Concord Grape Jam
Concord Grape Jam
inspired by "Preserving in Today's Kitchen," by Jeanne Lesem
Yield 4 cups
(My Note: However, each year fruit is different and sometimes one can get a little more and sometimes one can get a little less)
3-3 1/4 pounds ripe Concord grapes (abiout a 2-quart basket)
3 cups sugar
Wash, drain and destem grapes and place in a wide 4-quart saucepan. Crush them to release some juice. A potato masher is good to use for this. Quickly bring the grapes to a boil while stirring to prevent sticking. Boil for 10 minutes, or until the grape pulp whitens and the grape skins are tender.
Remove from heat and push the pulp through a food mill until you have 4 cups. Be careful not to scrape or crack the seeds.
Once again, quickly bring the grape puree to a boil in a 4-quart saucepan. Stir in all the sugar and continue stirring until the sugar dissolves.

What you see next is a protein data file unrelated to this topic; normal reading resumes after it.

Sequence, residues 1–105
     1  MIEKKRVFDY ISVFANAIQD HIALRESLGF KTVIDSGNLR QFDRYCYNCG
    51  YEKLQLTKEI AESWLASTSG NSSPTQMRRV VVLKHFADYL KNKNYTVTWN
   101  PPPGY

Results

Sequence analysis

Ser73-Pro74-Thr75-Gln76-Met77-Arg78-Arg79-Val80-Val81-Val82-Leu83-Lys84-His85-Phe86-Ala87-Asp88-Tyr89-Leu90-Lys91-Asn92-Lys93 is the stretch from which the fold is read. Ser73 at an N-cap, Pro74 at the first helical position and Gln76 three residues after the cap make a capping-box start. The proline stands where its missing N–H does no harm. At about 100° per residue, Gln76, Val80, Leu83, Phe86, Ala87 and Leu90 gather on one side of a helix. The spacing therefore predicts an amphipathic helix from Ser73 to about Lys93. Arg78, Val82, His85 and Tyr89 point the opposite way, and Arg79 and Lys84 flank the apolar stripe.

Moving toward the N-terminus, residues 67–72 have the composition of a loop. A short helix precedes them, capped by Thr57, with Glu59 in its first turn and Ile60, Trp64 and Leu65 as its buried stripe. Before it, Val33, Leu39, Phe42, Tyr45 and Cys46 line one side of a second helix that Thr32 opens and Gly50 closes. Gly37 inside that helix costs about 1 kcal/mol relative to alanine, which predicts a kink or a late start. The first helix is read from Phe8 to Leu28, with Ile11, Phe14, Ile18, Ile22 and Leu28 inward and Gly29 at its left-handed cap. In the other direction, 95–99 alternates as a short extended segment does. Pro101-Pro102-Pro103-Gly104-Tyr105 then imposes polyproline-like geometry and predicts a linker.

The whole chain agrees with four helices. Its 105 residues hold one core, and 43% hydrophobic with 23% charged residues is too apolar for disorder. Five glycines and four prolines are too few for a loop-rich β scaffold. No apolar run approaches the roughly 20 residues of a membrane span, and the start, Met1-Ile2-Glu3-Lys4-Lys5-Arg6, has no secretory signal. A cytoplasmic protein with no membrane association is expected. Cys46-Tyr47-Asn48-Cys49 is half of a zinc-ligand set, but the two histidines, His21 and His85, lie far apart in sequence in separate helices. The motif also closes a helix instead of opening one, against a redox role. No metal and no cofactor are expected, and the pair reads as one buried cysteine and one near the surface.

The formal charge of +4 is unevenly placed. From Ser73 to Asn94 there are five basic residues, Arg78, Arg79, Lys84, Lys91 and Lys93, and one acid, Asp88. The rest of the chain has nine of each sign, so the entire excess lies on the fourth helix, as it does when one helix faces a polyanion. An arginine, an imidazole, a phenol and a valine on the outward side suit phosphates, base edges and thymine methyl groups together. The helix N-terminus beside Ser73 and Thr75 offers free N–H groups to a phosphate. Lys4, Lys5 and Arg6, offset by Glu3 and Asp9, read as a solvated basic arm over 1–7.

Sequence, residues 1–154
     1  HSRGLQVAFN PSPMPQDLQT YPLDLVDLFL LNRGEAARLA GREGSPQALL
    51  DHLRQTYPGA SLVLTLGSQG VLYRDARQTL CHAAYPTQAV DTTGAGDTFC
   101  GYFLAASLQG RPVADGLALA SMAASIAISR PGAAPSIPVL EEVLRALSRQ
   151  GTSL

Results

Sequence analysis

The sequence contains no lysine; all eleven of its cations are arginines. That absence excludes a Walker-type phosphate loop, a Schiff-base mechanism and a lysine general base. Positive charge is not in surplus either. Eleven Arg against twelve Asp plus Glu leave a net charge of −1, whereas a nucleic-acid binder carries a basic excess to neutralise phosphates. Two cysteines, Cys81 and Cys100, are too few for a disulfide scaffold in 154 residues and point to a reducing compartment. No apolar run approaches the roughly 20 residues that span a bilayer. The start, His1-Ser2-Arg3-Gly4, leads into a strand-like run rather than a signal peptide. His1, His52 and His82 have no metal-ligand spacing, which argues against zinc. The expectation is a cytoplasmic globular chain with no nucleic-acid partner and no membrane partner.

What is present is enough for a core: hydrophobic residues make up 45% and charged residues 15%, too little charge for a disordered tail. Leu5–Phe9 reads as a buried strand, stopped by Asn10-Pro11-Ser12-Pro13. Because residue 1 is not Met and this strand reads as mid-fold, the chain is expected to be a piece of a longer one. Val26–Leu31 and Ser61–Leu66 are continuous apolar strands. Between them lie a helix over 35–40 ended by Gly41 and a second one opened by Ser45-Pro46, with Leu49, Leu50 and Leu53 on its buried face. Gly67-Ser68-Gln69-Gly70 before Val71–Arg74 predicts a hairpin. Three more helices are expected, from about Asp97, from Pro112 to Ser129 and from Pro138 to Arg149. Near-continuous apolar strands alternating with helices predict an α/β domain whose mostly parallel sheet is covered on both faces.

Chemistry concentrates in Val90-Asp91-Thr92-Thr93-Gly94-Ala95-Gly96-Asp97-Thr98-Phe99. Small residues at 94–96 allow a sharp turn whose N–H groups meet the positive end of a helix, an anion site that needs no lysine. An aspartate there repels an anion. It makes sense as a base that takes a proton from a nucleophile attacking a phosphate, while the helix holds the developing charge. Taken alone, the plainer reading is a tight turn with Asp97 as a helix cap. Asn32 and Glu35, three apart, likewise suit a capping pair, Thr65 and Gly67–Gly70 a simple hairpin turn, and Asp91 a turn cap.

Boil rapidly about 20 minutes while constantly stirring so that the puree does not burn or until the gel tests almost done.
Concord grapes are so rich in pectin that they are easy to overcook. If that happens, return it to the pan, add a spoonful or two of water, reheat the jam to a boil, and retest. Ladle the preserves at once into hot, sterilized jars. Seal them, place the jars in a hot water bath and let them boil for 10 minutes or however long according to where you live. Cool, label and store.
Note: Jeanne Lesem's book is great for someone who is new to preserving. Further, don't use old canning recipes from long ago. Times have changed and so has methods. It is not considered a good practise to use parrafin to seal preserves anymore. Be sure to read up before you jam. You don't want to inadvertently make anyone sick.